A Federal High Court has nullified it more than a year after the Minister of Information and Culture, Alhaji Lai Mohammed, launched the amended 6th Edition of the Broadcasting Code.
Despite opposition from some industry players, Mohammed had, in August 2020, launched the Amended Code and said that the government was unperturbed by the reactions of critics.
He said: “What I have observed in the reactions to the last Amendment are interests who believe that their singular business interest is superior to the national interest. Therefore, they have resorted to blackmail, using hack writers.
“Ladies and gentlemen, we remain unperturbed because we act in the national interest. The Broadcasting Code is not a static document. As we often say, broadcasting is dynamic. Therefore, even the 6th Edition of the Code shall be reviewed at the appropriate time. But, as it currently stands, the 6th edition and the amendments, which we are unveiling today, remain the regulations for broadcasting in Nigeria.”
However, the Federal High Court sitting in Lagos last Wednesday held that NBC acted beyond its powers by seeking to regulate the practice of advertising in Nigeria.
Justice Ambrose Lewis-Allagoa held that the NBC lacks the power to prohibit exclusivity on privately acquired intellectual property right in programme contents of a right holder.
He further set aside the proposed Amendment to the 6th Edition of the NBC Code for being ultra vires, incompetent null and void and perpetually restrained the Commission from implementing it.
The judge made the orders in suit FHC/L/CS/1152.2020 filed by Mr Femi Davies as sole plaintiff and the NBC as the defendant.
Davies argued, among others, that if allowed, the Amendment would significantly violate his right to a fair hearing.
He prayed the court to uphold his six prayers as set out in his originating summons.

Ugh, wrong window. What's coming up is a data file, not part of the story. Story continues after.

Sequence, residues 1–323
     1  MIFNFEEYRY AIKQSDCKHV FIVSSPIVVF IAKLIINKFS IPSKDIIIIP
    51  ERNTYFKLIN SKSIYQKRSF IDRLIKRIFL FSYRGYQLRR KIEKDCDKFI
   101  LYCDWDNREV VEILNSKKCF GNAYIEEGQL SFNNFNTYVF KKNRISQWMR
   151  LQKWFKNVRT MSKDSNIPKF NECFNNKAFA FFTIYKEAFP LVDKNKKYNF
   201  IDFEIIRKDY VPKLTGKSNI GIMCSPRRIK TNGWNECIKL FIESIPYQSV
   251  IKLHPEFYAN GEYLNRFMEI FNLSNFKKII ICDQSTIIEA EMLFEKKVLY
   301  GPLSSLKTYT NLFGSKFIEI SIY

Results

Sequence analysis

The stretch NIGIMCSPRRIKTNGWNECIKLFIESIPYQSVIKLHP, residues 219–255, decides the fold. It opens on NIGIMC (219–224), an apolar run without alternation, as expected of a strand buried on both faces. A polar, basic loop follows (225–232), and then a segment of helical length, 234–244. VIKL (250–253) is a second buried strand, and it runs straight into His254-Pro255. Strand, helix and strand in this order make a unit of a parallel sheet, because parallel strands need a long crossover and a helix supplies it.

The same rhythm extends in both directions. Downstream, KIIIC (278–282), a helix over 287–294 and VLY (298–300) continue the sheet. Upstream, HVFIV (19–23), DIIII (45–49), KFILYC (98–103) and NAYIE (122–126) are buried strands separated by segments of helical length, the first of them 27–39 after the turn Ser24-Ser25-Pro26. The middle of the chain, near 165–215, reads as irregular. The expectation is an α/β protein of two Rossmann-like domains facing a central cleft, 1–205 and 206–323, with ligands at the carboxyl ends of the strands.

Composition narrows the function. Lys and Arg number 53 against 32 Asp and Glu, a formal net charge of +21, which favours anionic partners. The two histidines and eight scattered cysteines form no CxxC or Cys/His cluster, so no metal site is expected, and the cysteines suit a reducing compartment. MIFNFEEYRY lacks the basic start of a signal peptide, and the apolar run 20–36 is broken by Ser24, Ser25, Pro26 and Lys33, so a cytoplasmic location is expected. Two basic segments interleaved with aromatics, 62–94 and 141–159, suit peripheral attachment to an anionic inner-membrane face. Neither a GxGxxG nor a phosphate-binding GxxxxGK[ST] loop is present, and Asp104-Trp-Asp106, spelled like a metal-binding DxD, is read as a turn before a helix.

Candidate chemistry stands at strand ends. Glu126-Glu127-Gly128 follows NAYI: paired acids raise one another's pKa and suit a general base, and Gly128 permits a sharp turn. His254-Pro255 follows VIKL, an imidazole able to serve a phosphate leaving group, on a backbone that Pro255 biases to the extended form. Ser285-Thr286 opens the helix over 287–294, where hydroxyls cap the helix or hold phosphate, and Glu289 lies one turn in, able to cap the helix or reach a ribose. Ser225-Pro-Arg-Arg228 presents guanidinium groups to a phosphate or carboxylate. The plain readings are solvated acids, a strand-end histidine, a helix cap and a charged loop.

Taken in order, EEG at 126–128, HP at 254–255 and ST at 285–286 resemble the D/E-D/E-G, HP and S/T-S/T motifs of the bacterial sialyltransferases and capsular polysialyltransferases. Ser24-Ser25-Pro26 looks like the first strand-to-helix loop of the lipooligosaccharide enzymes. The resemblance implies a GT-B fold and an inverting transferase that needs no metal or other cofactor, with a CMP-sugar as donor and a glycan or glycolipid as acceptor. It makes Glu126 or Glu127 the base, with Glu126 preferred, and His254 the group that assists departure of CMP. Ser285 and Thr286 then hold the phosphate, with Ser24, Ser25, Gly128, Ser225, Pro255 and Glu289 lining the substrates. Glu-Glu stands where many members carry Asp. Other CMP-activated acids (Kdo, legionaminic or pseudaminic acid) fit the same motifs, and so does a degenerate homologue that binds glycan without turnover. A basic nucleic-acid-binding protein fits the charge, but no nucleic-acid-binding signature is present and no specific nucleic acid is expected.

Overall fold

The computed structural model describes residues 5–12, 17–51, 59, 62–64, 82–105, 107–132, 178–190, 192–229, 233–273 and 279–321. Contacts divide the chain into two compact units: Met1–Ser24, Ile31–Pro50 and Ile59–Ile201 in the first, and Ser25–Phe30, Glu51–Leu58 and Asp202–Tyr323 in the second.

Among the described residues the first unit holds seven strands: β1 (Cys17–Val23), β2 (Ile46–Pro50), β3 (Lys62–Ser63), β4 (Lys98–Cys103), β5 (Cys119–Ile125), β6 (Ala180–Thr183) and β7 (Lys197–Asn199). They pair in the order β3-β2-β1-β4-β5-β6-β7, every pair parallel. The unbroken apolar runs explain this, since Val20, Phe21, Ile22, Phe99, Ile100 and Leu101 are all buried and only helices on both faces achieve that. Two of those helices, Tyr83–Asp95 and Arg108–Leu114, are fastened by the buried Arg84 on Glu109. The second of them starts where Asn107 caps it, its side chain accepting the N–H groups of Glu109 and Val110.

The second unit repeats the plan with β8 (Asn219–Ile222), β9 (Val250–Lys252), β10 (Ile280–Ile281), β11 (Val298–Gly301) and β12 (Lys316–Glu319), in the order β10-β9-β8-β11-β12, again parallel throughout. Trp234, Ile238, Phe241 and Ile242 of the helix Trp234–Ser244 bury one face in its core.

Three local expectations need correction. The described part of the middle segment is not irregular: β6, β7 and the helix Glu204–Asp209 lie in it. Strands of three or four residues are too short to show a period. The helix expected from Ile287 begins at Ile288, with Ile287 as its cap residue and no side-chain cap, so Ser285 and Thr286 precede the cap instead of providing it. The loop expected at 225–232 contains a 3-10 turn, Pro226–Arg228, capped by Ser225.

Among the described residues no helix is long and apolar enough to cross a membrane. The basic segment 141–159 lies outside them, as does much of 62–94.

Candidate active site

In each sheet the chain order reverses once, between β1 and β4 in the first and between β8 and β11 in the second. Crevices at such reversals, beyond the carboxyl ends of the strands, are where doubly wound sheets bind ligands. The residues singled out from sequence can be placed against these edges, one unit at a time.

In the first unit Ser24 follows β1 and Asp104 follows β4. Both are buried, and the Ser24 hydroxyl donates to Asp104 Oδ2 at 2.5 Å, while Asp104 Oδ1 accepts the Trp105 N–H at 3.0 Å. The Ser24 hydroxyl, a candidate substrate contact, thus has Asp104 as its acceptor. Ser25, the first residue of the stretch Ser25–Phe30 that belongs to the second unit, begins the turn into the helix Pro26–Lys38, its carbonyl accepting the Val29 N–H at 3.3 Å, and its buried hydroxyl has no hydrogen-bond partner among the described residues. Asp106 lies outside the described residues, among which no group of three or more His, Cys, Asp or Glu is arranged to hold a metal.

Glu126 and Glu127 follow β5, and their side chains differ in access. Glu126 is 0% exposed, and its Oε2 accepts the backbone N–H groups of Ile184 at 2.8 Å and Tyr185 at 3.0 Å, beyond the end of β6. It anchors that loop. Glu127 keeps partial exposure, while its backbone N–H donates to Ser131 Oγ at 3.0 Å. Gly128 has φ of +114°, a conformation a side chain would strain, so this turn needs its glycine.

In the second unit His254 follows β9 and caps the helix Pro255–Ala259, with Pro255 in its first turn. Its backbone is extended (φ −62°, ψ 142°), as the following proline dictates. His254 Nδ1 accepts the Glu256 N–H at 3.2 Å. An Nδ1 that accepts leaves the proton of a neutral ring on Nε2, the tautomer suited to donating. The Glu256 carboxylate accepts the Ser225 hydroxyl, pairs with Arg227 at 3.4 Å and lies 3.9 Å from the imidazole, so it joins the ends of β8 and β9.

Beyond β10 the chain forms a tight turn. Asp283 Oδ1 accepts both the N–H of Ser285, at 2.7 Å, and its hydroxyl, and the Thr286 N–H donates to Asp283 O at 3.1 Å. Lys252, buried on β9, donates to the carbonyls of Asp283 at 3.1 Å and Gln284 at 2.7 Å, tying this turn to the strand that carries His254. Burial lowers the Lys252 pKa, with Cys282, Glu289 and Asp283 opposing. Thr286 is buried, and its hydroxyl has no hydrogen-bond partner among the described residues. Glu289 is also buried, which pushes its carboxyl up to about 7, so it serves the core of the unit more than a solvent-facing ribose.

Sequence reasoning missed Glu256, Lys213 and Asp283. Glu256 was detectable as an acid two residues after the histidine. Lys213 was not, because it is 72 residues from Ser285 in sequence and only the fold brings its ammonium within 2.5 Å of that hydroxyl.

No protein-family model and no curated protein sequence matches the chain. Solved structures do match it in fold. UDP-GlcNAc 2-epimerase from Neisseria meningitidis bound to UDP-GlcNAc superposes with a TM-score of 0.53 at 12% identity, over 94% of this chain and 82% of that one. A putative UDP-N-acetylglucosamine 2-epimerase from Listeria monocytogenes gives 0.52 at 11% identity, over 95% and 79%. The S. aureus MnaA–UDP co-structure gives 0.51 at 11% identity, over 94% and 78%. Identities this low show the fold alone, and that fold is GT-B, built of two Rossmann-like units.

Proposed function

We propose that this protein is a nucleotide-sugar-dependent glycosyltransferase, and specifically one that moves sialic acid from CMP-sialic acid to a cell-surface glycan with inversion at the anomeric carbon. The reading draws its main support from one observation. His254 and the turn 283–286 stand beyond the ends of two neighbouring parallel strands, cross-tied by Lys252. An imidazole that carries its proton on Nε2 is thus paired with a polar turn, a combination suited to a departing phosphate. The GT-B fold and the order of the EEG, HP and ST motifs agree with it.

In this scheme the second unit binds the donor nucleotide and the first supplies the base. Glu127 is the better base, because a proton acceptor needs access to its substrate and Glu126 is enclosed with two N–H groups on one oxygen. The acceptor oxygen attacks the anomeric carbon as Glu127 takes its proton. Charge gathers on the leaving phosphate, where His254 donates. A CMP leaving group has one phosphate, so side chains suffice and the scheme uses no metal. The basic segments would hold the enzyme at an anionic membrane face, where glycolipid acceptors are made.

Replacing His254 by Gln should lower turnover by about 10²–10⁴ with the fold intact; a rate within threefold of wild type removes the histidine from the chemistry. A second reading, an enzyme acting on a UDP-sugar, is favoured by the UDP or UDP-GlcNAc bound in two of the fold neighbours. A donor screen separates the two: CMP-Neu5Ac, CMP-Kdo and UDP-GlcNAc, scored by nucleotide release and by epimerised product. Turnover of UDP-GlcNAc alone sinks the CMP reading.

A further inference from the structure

The plaintiff’s reliefs include a declaration that the Commission lacks the requisite vires to prohibit exclusivity on privately acquired intellectual property right in program content of a right-holder viz-a-viz the salient provisions of the constitution and the Copyright Act.
“A declaration that the Commission acted ultra-vires in so far as it sought to regulate the practice of advertising in Nigeria contrary to the provisions of the extant Advertising Practitioners (Registration, etc) Act, 2004.
“A declaration that the Commission acted ultra vires when it sought to retroactively compel right holders of programme content to compulsorily share extant right acquired under existing licence under the proposed Amendment to the 6th Edition of the NBC Code.
“A declaration that the Commission acted ultra vires when it sought to retroactively compel right holders of programme content to compulsorily share extant right acquired through a partnership and /or joint venture with an investor under the proposed Amendment to NBC Code.
“An order setting aside the Amendment of the NBC Code and an order of perpetual injunction restraining the NBC from implementing the Amendment to the NBC Code.